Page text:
Aimed to attract girls to play patterns that encourage building and problem solving, the stuff engineering is made of, new toy brand Goldiebox came to market about a year ago. I watched the Kickstarter video in 2012 and loved the idea. CEO Debbie Sterling is a young engineer from Stanford who wants to disrupt the toy business with a line of products for girls that no one has ever heard of. I’m sold.
My mom bought the Goldieblox launch product for Scarlett. Since then a couple of really fantastic ad campaigns have captured the attention of my peer group.
Why I wanted it: My kids do not like to play with LEGOs; I guess neither of them has the building gene. Instead, they log many many hours in fantasy worlds with stuffed animals, and putting on costumes for a show, which is great stuff, but the construction toys are all collecting dust. To get a LEGO session going, my husband has to start building himself, and start asking the kids to “help”. When we got a marble track that fast became a favorite toy, I thought, “Finally! They will experiment with building,” but it didn’t expand their horizons.
I was personally less concerned about Scarlett being excluded from LEGO, K’NEX, and other engineering opportunities than that both of my kids don’t seem to have much tenacity for problem solving. If they can’t make it work, they move on to the next thing. I am always on the look out for experiences that will engage them enough that they stick with it.
Is Goldieblox the answer? Not really.
What is Goldieblox, exactly? The set comes with a spiral-bound book that leads children through putting together the included pieces to create a simple machine (think back to 8th grade science). The pieces are a pad with holes, posts, specially designed “blox” that act as nuts, spools, a ribbon, a crank, and plastic animals that ride on top of the spools.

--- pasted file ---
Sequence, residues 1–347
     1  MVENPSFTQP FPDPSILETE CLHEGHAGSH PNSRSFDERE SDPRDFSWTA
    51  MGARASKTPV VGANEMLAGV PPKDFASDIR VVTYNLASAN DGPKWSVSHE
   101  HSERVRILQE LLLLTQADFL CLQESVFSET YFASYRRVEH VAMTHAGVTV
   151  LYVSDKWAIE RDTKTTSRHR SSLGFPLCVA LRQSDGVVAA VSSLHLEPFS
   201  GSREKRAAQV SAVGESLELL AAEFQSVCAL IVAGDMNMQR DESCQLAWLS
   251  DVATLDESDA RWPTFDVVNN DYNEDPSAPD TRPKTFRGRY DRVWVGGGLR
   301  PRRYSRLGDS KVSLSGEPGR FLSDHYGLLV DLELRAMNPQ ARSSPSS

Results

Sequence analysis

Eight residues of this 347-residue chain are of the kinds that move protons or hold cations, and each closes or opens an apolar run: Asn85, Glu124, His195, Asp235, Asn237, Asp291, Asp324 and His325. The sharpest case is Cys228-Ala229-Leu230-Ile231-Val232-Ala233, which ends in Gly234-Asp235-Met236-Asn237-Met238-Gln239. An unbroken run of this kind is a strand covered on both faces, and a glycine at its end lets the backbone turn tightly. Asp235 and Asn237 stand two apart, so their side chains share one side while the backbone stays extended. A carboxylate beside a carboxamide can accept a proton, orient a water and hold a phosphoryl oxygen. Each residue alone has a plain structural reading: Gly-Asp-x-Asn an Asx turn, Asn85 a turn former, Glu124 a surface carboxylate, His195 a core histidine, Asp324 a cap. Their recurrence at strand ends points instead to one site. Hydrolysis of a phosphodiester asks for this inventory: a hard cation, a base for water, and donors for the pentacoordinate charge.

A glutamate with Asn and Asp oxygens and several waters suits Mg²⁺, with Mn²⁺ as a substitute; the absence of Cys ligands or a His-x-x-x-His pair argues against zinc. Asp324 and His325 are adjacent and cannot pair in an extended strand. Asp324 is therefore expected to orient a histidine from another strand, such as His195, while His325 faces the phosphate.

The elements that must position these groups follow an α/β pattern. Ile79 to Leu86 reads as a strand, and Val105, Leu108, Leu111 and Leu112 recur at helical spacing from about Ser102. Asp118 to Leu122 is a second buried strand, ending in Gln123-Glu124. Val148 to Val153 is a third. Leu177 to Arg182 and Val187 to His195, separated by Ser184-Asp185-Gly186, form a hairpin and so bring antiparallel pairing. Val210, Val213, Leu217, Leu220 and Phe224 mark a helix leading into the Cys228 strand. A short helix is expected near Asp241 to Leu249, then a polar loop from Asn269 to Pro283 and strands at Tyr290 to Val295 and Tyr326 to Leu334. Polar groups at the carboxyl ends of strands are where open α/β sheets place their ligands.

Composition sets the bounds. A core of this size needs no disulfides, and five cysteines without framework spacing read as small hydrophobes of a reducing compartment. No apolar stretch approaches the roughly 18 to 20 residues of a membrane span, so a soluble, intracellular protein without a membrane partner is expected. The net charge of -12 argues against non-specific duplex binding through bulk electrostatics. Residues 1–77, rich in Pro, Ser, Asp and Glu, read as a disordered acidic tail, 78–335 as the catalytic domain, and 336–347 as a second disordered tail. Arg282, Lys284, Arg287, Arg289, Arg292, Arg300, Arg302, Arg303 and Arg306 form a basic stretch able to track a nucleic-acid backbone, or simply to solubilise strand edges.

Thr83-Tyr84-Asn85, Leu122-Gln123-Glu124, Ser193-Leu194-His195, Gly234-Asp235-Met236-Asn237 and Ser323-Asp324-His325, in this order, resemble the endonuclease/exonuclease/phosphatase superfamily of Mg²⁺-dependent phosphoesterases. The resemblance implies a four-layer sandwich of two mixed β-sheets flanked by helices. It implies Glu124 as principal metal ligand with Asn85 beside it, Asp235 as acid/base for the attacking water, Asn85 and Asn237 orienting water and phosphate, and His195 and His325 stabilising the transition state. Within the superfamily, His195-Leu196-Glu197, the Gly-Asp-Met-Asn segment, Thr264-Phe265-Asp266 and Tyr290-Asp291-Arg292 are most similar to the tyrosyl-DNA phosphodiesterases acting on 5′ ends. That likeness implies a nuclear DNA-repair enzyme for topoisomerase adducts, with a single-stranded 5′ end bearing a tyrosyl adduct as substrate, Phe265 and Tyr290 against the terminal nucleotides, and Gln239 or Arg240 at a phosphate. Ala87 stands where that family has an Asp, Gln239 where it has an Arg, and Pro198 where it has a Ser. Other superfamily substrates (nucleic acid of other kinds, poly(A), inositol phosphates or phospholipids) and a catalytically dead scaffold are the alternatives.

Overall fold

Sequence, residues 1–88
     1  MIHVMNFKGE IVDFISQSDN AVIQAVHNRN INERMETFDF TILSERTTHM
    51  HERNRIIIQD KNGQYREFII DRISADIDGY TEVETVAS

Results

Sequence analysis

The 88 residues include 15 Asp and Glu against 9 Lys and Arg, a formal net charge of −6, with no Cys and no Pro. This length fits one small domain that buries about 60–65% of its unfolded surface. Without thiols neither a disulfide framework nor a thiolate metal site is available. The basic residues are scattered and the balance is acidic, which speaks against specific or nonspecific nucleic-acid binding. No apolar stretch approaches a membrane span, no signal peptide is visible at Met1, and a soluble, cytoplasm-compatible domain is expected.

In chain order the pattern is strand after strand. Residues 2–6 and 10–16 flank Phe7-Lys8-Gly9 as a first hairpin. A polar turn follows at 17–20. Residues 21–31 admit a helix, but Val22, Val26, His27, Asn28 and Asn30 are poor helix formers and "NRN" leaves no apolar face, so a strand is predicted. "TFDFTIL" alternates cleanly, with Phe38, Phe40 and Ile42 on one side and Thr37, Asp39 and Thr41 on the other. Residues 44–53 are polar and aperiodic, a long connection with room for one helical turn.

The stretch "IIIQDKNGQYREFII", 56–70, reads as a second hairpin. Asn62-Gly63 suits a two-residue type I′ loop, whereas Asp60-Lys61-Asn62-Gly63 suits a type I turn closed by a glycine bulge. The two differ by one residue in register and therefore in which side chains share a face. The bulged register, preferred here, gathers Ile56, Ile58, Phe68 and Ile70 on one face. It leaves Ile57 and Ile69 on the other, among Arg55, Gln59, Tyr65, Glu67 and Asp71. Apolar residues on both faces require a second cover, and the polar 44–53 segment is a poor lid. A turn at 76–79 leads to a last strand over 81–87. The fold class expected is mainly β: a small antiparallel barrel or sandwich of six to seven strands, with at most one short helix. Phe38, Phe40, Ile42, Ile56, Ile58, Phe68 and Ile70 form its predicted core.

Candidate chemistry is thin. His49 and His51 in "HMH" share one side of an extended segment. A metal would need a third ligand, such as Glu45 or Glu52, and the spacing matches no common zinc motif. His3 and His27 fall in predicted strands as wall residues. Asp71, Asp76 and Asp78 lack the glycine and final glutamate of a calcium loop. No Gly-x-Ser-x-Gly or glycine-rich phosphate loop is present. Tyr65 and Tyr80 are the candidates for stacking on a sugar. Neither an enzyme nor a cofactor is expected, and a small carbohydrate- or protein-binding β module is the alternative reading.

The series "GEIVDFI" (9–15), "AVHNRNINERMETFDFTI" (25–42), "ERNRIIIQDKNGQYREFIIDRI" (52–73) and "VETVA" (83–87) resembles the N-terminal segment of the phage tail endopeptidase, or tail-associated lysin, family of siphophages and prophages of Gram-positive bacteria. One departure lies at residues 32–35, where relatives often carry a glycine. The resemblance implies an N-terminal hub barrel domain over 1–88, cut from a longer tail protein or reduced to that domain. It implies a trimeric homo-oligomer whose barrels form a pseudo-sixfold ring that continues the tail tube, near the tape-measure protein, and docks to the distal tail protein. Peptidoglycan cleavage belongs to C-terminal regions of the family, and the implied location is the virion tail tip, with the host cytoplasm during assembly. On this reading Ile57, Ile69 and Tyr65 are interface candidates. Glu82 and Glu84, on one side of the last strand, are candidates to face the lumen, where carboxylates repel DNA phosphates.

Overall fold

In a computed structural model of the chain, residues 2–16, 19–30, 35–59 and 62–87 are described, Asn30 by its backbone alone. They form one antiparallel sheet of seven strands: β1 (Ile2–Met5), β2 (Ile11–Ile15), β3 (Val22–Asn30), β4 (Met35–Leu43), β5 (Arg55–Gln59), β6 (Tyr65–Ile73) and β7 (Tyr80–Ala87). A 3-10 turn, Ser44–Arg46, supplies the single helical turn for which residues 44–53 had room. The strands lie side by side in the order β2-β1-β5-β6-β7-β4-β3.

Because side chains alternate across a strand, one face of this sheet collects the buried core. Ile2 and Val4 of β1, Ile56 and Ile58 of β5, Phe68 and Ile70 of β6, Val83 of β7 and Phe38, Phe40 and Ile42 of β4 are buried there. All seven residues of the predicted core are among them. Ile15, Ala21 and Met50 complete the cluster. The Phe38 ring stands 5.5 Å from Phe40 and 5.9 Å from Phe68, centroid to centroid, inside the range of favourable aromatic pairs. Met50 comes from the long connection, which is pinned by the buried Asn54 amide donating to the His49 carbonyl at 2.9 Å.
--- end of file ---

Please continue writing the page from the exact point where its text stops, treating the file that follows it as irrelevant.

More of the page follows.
Debbie Sterling’s research revealed that girls are verbal and attracted to storytelling, so she sought to incorporate that into the product. As the child reads about inventor Goldie, and follows the steps, she is creating a belt drive. Cool!
Except that after we completed the task, all the pieces went back in the box and stayed there for three months. Scarlett didn’t view Goldieblox as something with a lot of replayability, although other patterns are included in the book to encourage experimentation with different configurations of spools.
When we finally got it out again, she said, “I already know how to do this,” and impressed me by having remembered quite well the steps to achieving the final spinning machine.
The bottom line: I wanted this to be a miracle toy, but was frustrated by how poorly the crank adhered to the top of the spool, which made testing for success a let down every time. You can see in this video (the above image plays when clicked) how gingerly we had to interact with the pieces, and that Scarlett gave up on the crank and just turned the spool with her hands instead. There is a lack of stability, and I got so personally frustrated working on it that the phrase “Oh, crap!” is now a permanent part of Scarlett’s vocabulary.
So while I’m cheering for Debbie and other toy makers that are introducing building toys for girls, I am unlikely to buy more Goldieblox for my home.